A decision aid gives support in making decisions about medical treatments. A good decision aid informs the patient about the suitable treatment options.
Each disease has its own decision aid(s)
For correct use of the decision aids, you should only use the ones that are meant specifically for your disease. Thus, the disease that has been diagnosed by your doctor must be exactly the same as the disease that is described in the decision aid(s). Please always consult your doctor if you hesitate whether a decision aid is appropriate for your specific situation.
A good decision aid shows all possible outcomes of the treatment. Ideally, the treatment cures the disease and solves all the problems. However, almost all treatments can have adverse effects and sometimes risks. These undesired outcomes should be mentioned in the decision aids. They must be clearly stated. In this way, you can consider yourself what medical treatment you prefer.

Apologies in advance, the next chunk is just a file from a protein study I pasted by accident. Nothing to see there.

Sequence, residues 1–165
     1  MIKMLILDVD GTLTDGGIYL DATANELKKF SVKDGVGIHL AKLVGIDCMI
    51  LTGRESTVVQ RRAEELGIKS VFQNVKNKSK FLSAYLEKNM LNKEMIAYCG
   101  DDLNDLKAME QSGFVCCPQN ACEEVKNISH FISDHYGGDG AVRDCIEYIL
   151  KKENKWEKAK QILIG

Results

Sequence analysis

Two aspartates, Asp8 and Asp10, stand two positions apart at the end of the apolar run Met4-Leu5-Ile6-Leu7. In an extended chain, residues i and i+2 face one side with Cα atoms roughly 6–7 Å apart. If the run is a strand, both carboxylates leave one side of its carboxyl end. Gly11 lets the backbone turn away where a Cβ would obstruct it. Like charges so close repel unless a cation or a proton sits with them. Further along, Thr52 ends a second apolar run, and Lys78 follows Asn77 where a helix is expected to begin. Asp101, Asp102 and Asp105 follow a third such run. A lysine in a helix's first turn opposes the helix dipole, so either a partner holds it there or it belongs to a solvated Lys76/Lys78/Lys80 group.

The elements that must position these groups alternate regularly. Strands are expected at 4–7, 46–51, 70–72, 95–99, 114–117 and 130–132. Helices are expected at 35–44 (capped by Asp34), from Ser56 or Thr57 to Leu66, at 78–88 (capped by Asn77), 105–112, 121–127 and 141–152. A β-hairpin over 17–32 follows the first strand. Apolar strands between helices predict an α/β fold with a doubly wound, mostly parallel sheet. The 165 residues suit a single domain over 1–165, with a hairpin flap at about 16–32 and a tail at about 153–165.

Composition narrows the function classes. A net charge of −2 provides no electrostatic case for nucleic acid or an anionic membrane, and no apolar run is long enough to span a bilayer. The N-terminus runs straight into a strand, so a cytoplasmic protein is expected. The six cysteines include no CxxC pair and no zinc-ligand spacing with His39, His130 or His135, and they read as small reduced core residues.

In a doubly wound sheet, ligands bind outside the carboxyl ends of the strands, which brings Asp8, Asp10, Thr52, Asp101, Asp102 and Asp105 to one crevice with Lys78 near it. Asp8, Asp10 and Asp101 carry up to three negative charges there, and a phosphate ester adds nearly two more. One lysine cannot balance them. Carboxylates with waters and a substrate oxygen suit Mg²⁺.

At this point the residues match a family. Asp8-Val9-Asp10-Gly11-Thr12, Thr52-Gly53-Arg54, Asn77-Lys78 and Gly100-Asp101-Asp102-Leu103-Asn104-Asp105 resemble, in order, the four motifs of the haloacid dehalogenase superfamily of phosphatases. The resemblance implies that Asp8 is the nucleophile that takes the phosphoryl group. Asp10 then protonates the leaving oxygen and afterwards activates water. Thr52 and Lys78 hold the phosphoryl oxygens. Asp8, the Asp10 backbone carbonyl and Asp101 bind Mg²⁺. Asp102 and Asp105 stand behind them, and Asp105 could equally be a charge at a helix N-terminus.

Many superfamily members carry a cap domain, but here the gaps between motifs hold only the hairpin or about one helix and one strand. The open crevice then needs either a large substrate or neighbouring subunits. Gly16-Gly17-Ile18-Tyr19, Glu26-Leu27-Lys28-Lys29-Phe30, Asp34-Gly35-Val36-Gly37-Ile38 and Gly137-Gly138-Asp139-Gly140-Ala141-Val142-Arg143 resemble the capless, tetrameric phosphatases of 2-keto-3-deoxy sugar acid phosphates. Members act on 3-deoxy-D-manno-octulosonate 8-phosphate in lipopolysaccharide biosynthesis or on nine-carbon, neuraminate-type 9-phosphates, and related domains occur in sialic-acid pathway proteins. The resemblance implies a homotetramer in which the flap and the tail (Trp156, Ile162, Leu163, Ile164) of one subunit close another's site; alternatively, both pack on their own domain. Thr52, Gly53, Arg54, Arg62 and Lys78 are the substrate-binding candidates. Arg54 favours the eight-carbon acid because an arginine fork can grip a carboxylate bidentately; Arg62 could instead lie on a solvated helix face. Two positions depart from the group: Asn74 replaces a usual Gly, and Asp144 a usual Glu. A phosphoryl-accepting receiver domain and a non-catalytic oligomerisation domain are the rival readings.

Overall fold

A good decision aid shows the probability of adverse effects. The more likely and more severe the adverse effects are, the less attractive the treatments will be. Therefore, it is important that the information is balanced, so that the patient can weigh things up himself and make his own decision about the medical treatments.
The treatment procedure describes what the medical treatment entails. For example, it provides information about how often you will have to visit the hospital, how long the treatment will last and how long you will have to be hospitalized. The treatment procedure is often described in widely available patient leaflets. In addition, your doctor can explain exactly what the medical treatment entails.